He’s a helicopter test pilot who spent 18 years in the British Army. He just beat more than 8,400 others to become one of Europe’s newest astronauts, destined for the International Space Station.
So what is Tim Peake most nervous about Learning Russian. “That’s an area that I think will probably be quite difficult for me,” said Peake, 37, in an interview Friday with CNN. It certainly speaks volumes about Peake’s experience that he considers learning a language the hardest part of his new job. His career in the British Army’s Army Air Corps involved flying and teaching on helicopters in Germany, the United States, and Britain before becoming an experimental test pilot. He left the service this year having achieved the rank of major, though he is still a reservist. Peake now works as a test pilot for helicopter designer and manufacturer AgustaWestmoreland, primarily doing flight testing on Apache and Lynx helicopters. “We really get involved in an aircraft program from the drawing board right through to the first flight,” Peake said. “You hope everything will go right, everything’s been designed right … but until you lift the aircraft off the ground, you’re never quite sure what’s going to happen.” This month, the European Space Agency chose Peake and five other Europeans to be its newest generation of space explorers. They will begin training later this year with the goal of completing future missions to the International Space Station (ISS). The six were chosen from among 8,413 applicants and include another test pilot, one fighter pilot, a commercial pilot, and an engineer and a physicist. They come from Italy, Germany, Denmark, and France. The selection process took a year and involved medical, psychological, and professional screening.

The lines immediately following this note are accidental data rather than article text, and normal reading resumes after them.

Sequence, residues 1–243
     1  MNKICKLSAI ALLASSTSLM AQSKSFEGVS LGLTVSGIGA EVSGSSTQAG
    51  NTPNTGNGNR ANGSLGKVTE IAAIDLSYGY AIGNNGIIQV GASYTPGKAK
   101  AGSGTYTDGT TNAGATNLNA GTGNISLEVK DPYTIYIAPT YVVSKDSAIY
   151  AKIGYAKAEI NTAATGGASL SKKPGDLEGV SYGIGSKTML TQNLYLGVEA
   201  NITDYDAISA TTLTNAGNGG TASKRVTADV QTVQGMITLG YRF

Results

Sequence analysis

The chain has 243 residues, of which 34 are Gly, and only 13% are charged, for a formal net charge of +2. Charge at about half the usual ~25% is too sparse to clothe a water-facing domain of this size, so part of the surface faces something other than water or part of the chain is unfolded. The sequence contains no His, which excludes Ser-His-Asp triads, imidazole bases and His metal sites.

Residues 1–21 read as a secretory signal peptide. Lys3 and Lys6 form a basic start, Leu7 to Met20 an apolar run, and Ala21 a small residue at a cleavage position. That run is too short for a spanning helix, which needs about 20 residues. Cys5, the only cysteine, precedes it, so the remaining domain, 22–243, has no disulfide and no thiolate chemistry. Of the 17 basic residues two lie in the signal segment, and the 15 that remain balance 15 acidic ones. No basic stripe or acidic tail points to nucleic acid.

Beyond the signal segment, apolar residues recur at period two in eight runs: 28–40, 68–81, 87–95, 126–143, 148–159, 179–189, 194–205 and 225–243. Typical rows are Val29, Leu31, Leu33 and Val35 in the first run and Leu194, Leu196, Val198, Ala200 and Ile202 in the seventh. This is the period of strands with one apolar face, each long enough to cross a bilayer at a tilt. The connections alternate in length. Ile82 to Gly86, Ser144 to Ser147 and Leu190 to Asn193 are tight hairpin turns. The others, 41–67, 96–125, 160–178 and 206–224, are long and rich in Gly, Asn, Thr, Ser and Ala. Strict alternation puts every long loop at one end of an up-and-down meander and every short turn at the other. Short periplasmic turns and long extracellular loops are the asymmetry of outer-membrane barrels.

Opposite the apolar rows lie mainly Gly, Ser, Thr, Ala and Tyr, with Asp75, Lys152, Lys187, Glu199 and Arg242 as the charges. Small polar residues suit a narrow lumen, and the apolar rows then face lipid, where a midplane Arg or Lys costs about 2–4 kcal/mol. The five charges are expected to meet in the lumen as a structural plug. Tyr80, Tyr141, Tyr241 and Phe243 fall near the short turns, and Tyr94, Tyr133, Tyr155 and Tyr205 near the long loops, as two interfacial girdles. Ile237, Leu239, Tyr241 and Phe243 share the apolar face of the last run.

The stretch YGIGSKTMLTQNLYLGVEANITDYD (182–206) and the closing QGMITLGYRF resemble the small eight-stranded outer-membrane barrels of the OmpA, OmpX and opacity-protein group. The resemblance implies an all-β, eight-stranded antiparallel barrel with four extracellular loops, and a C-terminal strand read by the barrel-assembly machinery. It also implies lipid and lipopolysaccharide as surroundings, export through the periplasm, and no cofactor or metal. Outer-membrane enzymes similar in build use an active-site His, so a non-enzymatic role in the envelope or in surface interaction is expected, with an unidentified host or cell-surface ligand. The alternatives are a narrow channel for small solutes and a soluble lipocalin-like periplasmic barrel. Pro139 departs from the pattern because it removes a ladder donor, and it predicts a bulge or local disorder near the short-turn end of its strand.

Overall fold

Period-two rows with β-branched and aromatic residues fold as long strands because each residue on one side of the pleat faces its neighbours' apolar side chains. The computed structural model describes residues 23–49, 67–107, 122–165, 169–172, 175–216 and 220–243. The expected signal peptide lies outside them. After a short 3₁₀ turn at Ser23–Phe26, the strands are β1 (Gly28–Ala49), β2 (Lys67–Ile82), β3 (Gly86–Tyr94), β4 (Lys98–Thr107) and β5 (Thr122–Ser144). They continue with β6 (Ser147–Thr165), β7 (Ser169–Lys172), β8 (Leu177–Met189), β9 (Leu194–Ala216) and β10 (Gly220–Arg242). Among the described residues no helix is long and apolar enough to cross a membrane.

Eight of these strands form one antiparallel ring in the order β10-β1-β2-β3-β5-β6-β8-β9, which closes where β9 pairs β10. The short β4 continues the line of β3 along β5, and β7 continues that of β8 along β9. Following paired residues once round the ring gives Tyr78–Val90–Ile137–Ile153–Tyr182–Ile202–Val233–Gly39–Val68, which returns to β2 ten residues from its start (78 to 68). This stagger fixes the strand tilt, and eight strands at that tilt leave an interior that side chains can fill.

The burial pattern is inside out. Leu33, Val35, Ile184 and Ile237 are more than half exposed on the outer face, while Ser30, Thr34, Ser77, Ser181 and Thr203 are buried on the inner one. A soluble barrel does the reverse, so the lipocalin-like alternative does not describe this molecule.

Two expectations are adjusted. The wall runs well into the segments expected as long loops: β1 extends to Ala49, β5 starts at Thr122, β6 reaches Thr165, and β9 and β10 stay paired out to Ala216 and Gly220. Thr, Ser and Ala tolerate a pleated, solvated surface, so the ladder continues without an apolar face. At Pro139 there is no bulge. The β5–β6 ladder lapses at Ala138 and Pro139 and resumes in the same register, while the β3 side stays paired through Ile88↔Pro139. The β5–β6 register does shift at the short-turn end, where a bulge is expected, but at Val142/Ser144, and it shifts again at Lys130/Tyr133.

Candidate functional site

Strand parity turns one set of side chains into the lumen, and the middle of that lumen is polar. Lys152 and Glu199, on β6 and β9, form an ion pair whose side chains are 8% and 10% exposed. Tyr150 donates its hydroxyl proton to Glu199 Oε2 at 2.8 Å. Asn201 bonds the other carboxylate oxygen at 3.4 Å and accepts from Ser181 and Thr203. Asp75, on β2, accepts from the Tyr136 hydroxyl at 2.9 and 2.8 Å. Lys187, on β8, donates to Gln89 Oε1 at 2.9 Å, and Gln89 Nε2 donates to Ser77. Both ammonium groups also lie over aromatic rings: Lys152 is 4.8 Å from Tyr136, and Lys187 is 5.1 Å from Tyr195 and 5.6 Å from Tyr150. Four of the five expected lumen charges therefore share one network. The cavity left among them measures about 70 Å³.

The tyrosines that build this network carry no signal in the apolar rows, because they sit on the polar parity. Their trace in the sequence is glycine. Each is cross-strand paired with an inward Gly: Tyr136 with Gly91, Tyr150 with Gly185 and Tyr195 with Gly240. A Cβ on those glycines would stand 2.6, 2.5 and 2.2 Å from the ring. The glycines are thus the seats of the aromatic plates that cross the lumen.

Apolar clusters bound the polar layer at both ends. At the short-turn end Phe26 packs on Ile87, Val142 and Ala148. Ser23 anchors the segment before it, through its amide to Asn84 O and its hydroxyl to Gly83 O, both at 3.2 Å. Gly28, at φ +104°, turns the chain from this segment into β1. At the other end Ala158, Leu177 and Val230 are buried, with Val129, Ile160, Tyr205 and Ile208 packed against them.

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Peake said there were tests on memory retention, math and engineering, coordination, and spacial awareness. “They were the kind of tests where in some circumstances, if you were a perfectionist, you would have found it very frustrating because with a lot of them you couldn’t complete them 100 percent,” he said. The applicants were tested on problem-solving and team-building before having an hour-long interview in front of a five-member panel. After that came a week-long intensive medical exam that covered everything from ear, nose, throat and eyes to bone density. “It was a very good mid-life review,” Peake joked. And while he wasn’t told the results of his medical test, “they did tell us that everything was fine.” Peake said he didn’t think he’d gotten the job. The ESA was due to announce the winning applicants on May 20, but as the day approached, Peake said his phone went quiet. “I hadn’t heard anything for nearly four weeks, since my final interview, so as the time got closer to the final press conference … I naturally assumed, well, it’s not me,” he said. Then his phone rang. He saw the Paris number and figured it was a rejection. In fact, it was the ESA calling to tell him he’d been selected in what Peake says was “the biggest life-changing telephone call I’ve ever had in my life.” “It was just the most amazing feeling in the world,” he said. “I was absolutely delighted. It’s an incredibly privileged position to have.” Now that the media frenzy has subsided, Peake said, it’s back to work. He still has his job at AgustaWestmoreland and must also find a place for his family to live in Cologne, Germany, for when training begins there in September. Peake is married to Rebecca and they have a four-and-a-half-month-old son, Thomas. The 18-month training is mostly technical but also involves Russian language courses so the astronauts can become fluent. Russian and English are the two official languages on the ISS. At the end of the training, the six will be qualified astronauts, eligible for mission assignment. And once assigned to a mission, they will undergo two to three years of mission-specific training as a crew. Peake said he’s hoping to go on multiple missions to the ISS. Some may be the standard six-month missions while others may be shorter resupply stints, he said. He’s never been in space before and says he doesn’t really know what to expect. “I would imagine if it’s anything like previous test flying I’ve done, when you get so embroiled into the training for a mission, it’s almost as if you just let the training take over,” he said. “However, I’m sure there will be a few moments when you might be able to take pause.” A veteran astronaut advised Peake not to forget to “look down and enjoy the view,” he said. “I think it will be one of the most beautiful sights that you could imagine,” he said.